Range of Int in C Programming Language

# Range of Int in C

## ntegral Types

• Integral data types include all whole numbers, that is numbers not having any fractional component.
• The bits of integral types are interpreted as simple powers of two:
• The right-most bit, known as the least significant bit, represents the number of 1s. ( 2^0 )
• The next bit represents the number of 2s. ( 2^1 )
• The next bit represents the number of 4s. ( 2^2 )
• The next bit represents the number of 8s. ( 2^3 )
• In general the nth bit from the right represents 2^(n-1)
• For unsigned integral types, the leftmost bit, known as the most significant bit, represents 2^(N-1), where N is the total number of bits in the data item.
• The range of possible values for an unsigned integer of N bits is from 0 to 2^N - 1. ( All 0s to all 1s )
• So for example, a 4-bit unsigned integer could range from 0 to 15, and an 8-bit unsigned integer could range from 0 to 255.
• For signed integral types, the leftmost bit can be thought of as representing a negative 2^(N-1).
• ( The real interpretation in the computer is more complicated, but if you think of it this way you will get the right answers. )
• The most negative value would be the first bit a 1 and all other bits 0s, yielding negative 2^(N-1).
• The most positive value would be the first bit a 0 and all other bits 1s, yielding 2^(N-1) - 1.
• So for example, a 4-bit signed integer could range from -8 to +7, and an 8-bit signed integer could range from -128 to +127.
• A signed integral type having all bits 1 is equal to -1, regardless of how many bits are in the number.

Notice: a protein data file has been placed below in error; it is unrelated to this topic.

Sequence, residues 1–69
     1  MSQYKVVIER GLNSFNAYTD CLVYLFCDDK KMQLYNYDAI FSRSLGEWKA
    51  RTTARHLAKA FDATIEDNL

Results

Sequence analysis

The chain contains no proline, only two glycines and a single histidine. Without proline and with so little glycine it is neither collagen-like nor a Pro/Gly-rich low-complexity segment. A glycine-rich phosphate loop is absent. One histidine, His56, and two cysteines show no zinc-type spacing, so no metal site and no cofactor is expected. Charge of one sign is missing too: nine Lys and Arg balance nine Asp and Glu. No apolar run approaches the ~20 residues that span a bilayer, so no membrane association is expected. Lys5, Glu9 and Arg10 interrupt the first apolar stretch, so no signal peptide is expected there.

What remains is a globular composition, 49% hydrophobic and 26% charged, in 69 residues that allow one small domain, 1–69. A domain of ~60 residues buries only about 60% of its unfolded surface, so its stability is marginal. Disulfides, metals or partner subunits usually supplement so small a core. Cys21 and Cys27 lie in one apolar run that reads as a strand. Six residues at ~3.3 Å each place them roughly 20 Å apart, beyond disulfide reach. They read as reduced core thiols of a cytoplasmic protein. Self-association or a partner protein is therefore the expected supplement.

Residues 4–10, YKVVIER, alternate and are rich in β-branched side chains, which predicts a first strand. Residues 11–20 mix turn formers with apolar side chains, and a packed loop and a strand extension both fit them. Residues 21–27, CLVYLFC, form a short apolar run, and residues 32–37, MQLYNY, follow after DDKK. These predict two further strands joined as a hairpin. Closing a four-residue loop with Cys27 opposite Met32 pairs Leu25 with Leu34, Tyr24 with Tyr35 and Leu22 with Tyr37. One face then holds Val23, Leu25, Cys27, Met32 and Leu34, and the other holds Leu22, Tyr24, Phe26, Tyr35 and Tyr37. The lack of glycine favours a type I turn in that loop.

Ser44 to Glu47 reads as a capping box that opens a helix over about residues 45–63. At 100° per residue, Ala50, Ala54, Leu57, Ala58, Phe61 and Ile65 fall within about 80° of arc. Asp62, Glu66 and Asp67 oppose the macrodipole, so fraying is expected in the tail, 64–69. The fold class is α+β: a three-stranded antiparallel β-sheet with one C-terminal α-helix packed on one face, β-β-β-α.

• Signed and unsigned integers with the same number of total bits have the same number of different possible values.
• Unsigned integers use one bit pattern ( all 0s ) to represent zero and all others to represent positive values.
• Signed integers use half of the possible bit patterns to represent negative numbers, one pattern to represent zero, and half minus 1 to represent positive values.
• Specific details of the integer types available on a particular implementation, along with the number of bits allocated to each one and their minimum and maximum allowable values can be found in the file limits.h

### int

• The most basic and commonly used integral type is "int".
• The int data type is always the "best" size for the particular computer it is running on, typically 32 bits
• Format specifiers for ints are either %d or %i, for either printf or scanf.

### long int

• A long int typically uses twice as many bits as a regular int, allowing it to hold much larger numbers.
• ( The C standard only specifies that a long cannot use a fewer number of bits than a regular int )
• printf and scanf replace %d or %i with %ld or %li to indicate the use of a long int.
• long int may also be specified as just long.

### long long int

• C99 introduces the long long int, typically having twice as many bits as a long int and printed/scanned using %lld or %lli format specifiers

### short int

• A short int may use fewer bits than a regular int, thereby saving